Whenever I make an arrangement for Christmas I always think it’s at its most beautiful when there is just foliage, before I spoil it by adding a few flowers. Personally I am not a great fan of shiny baubles, flocked poinsettias and artificial holly; I just like the simple beauty of the evergreen foliage and maybe a few natural berries.
I have very vivid memories of wreaths when I was working in a florist shop when I was a lad. In those days Christmas wreaths were essential for the front door, and for the cemetery; often the wreaths made for the two purposes were interchangeable. The most revolting were rings created with greyish-lilac sea lavender (we called it statice). These were then studded with wax dahlias in lurid colours, or plastic Christmas roses. I remember threatening that I would haunt anyone if they put one of those, or a potted chrysanth on my grave.
The other wreath was the traditional holly ring. This was created on a wire frame covered with sphagnum moss. The moss was bound on with jute twine. According to the strict old lady that owned the business the amount of moss and tension of the twine were crucial. Too much moss and we would surely go out of business; twine too loose, and the wreath would fall apart! What I remember most was bleeding profusely from wiring sprigs of holly which were then attached to the moss. The end result could be pleasing, until the holly went black; but the whole process seemed prolonged and futile.
Since then I have learned there is an easier way: you use a florist’s foam wreath ring. Ok, I know it’s cheating, but I don’t care. I have suffered enough over the years to allow myself the luxury of a door decoration that looks extravagant, fresh, natural, gorgeous, and most of all one that lasts. No bleeding, no horrors, quick to make and inexpensive.
1. I used a 30cm, 12” fresh foam wreath base. Choose one with a solid plastic back; it is stronger and holds water more successfully. Float the ring face down on a bowl of water and allow it to sink. Do not force it under; if you allow it to sink naturally it will be saturated. Cut a selection of evergreen into 15cm, 6” pieces, or a little shorter. The trimmings of the base of your Christmas tree are ideal; I always use Nordmann Fir.
2. Start with the cut Nordmann foliage, pushing pieces into the foam around the edge, and almost flat along the foam. As you work, insert the foliage so that it follows the same direction.
3. Work your way round to complete the ring. On thick pieces you can remove the lower needles however I find these help to anchor the pieces of foliage.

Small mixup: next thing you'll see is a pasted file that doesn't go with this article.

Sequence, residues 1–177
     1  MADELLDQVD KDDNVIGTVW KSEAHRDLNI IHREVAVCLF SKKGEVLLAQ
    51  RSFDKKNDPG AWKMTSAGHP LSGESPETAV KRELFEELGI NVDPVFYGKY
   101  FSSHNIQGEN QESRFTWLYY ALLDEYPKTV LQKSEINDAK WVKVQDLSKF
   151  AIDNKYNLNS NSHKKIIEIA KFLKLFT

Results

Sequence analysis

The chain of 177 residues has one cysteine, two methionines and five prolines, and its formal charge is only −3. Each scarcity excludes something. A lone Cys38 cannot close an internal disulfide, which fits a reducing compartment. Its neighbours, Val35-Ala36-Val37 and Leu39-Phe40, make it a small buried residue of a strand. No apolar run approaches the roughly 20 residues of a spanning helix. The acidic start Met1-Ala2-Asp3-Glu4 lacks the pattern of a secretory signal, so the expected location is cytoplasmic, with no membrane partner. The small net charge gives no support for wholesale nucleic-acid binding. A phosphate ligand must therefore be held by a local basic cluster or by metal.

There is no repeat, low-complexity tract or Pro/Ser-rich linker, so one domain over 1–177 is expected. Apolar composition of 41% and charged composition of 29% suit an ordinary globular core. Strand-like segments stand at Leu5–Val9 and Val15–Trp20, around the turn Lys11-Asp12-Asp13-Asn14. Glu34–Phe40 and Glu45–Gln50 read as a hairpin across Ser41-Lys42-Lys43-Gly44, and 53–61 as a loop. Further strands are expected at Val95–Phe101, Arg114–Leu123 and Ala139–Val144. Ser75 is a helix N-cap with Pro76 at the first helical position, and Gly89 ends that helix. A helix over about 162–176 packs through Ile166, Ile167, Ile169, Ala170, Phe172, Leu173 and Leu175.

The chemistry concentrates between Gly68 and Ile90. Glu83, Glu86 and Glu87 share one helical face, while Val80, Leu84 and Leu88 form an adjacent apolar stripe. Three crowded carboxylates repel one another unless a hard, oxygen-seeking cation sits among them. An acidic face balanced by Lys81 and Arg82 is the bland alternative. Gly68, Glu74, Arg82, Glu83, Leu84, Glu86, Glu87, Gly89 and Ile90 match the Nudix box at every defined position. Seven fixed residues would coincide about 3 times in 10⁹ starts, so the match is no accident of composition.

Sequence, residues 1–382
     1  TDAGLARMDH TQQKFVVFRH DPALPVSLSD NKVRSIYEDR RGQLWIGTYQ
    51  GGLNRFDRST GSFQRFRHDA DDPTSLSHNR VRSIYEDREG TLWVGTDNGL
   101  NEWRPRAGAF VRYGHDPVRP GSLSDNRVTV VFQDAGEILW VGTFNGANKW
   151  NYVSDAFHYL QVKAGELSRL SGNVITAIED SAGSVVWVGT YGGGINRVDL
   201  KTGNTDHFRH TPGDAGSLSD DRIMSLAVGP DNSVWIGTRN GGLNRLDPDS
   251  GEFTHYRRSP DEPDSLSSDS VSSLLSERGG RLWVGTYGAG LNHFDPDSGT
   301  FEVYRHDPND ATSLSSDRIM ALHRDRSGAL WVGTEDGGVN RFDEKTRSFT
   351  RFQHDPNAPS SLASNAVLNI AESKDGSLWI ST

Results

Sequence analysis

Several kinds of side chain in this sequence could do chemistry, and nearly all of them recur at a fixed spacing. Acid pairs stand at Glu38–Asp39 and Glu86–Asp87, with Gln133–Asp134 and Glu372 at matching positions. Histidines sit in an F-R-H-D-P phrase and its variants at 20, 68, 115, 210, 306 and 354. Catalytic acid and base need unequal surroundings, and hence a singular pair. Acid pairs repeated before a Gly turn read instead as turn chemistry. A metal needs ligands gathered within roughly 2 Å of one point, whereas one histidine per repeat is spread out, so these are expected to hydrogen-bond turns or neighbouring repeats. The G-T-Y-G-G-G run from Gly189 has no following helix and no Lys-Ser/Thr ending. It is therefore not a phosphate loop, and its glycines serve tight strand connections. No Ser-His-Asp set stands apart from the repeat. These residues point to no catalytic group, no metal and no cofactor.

4. You will soon end up with a complete ring of foliage, and the foundation of your wreath. You can already see that you will end up with a wreath around 50cm, 20” across. This will be a lot more impressive than many miserable shop bought specimens.
5. Next I added sprigs of adult ivy foliage and the flowers. This is widespread in the UK on trees and hedgerows, and gathered with care will do no harm, as long as you cut from the outside of a hedge or tree trunk. Many will have it somewhere in the garden. If you haven’t got ivy there are plenty of other evergreens you can use.
6. Next I added a few sprigs of Skimmia x confusa ‘Kew Green’. You could use ‘Rubella’ if you want red in the wreath.
7. It’s surprising how so little material has so much impact. Just a few sprigs show up brilliantly, because the texture and shade of green is such a contrast. What’s that about fifty shades of green?
8. Now my wreath is going to be cream and green so I’m adding some Buxus sempervirens ‘Elegantissima’. Just a few sprigs have great impact. This is a good way of doing a little tidying, trimming and selective pruning to keep smaller evergreens in shape.
9. Next I’m adding some sprigs of variegated holly. You will be surprised how little foliage has so much impact. Particularly if you choose a strongly variegated holly such as Ilex aquifolium ‘Aregenteovariegata’. Who needs berries?
10. I’ve only got a small amount of mistletoe and the stems are rather short. I could push them straight into the foam, but they might fall out so I am mounting sprigs, two or three at a time on stub wires. These are the stout, dark florist’s wires, not the silver ones. I make a hairpin with a wire behind the stems. Then I wrap one leg of the wire firmly around the stems a couple of times. Do not wind it round and round; you will break the stems, or the wire will come loose.
11. Push the wires firmly into the foam, following the direction of the rest of the foliage.
12. I do the same with some long trails of variegated and plain green ivy. I position two or three into the base of the wreath and let them trail.
13. I position three or four others around the ring, and I wind the ivy through the other foliage, again following the direction of the foliage in the wreath.
14. I fix a wire right around the top of the ring, and hang my wreath on the wall alongside the front door. I expect it to stay fresh and lovely right through the holiday period. The soft cream and green is the perfect partner to pots of hellebores on the doorstep, and I think it has just as much impact as a wreath with more colour.
Last year’s wreath was made in a similar way, but with the addition of fir cones and holly berries. Tip: If you use holly in a wreath cut off the foliage at the end of the sprig to expose the berries, otherwise they are hidden behind leaves when you put them in the wreath. I wire the foliage I’ve cut off onto the stem behind the berries before I place them in the wreath.
So there you are – over to you to Deck the Halls. Anyone can do this, it just couldn’t be easier – and there’s no bloodshed!
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